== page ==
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MariaDB 10.0.5 supports DELETE ... RETURNING, like PostgreSQL. It deletes some rows and returns the specified columns (or, more generally, the specified SELECT expressions) from the deleted rows. As for regular DELETEs, Com_delete is incremented and Com_select is not.

Let’s see what this feature does and what it does not.

You cannot:

  • Cannot use it with INSERT or CREATE TABLE to create a table containing data from the deleted rows (a sort of delete log, or easy-to-restore backup).
  • Cannot use it as a subquery.
  • Cannot use it as a cursor, and there is no INTO. So you cannot process the results in a stored routine, because there is no way to copy deleted data into variables.
  • Cannot use aggregating functions. But why should you? If the purpose is to get a row count, you can use SELECT ROW_COUNT().

You can:

  • Include a subquery, virtual column, stored function, or anything else in the RETURNING clause.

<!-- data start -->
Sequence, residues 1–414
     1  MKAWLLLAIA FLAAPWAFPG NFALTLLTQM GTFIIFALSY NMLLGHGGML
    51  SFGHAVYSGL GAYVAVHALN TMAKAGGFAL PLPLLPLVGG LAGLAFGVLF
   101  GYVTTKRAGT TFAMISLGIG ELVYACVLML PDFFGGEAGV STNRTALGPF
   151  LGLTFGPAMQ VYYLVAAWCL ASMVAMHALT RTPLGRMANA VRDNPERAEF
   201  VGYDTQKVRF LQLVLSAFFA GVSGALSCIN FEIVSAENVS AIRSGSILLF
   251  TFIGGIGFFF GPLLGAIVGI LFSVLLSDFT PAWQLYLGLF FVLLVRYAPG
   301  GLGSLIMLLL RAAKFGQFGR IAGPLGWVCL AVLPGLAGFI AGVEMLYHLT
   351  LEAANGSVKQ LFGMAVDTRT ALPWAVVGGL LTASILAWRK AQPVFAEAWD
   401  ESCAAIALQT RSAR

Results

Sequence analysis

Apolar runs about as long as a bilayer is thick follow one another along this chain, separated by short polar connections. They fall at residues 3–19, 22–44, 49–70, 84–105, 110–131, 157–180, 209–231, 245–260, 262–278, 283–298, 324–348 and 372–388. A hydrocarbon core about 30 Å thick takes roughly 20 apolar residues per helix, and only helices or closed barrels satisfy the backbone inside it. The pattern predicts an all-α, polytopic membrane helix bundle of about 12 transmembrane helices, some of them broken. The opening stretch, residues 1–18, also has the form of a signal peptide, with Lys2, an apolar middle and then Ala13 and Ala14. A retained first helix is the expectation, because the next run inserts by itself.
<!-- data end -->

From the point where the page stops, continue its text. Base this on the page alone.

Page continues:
• RETURNING * works, AS works.
  • Use it as a prepared statement.
  • Use it in a stored procedure. But in practice, you can only return a resultset.

Some of the things I included in this list should be obvious: I just stated that some documented features can work together. But I’m afraid this is not obvious in MySQL and MariaDB: they have great features, but in many cases they don’t work together.

UPDATE: Some of the limitations can be workarounded with this trick.

Thanks, MariaDB team!

DELETE RETURNING is another reason to use MariaDB. And I see a task for UPDATE ... RETURNING.



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